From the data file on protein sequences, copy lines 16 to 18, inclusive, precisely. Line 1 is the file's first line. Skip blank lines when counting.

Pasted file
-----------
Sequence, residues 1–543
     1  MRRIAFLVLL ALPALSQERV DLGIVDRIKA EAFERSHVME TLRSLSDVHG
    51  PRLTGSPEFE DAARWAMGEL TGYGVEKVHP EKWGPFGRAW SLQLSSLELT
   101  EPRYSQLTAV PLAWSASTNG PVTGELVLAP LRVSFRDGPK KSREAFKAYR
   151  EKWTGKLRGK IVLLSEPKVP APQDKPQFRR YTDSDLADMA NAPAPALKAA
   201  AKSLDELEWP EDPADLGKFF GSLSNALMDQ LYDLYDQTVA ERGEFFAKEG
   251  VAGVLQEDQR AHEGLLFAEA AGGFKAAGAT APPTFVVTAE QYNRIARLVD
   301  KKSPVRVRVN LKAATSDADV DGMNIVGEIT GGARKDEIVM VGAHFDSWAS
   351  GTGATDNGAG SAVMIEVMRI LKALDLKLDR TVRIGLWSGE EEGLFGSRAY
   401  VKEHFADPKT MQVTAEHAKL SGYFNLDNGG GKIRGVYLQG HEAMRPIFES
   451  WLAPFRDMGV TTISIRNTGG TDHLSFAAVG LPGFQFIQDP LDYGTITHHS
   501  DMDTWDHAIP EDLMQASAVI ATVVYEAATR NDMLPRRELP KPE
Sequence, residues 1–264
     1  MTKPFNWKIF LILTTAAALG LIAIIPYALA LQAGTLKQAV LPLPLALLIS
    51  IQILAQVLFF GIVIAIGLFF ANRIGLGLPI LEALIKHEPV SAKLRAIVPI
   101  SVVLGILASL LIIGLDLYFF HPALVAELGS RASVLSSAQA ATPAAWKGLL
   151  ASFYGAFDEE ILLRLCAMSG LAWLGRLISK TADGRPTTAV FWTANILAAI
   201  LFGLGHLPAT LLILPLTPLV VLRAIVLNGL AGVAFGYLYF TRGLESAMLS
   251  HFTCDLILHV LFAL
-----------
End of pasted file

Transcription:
   101  SVVLGILASL LIIGLDLYFF HPALVAELGS RASVLSSAQA ATPAAWKGLL
   151  ASFYGAFDEE ILLRLCAMSG LAWLGRLISK TADGRPTTAV FWTANILAAI
   201  LFGLGHLPAT LLILPLTPLV VLRAIVLNGL AGVAFGYLYF TRGLESAMLS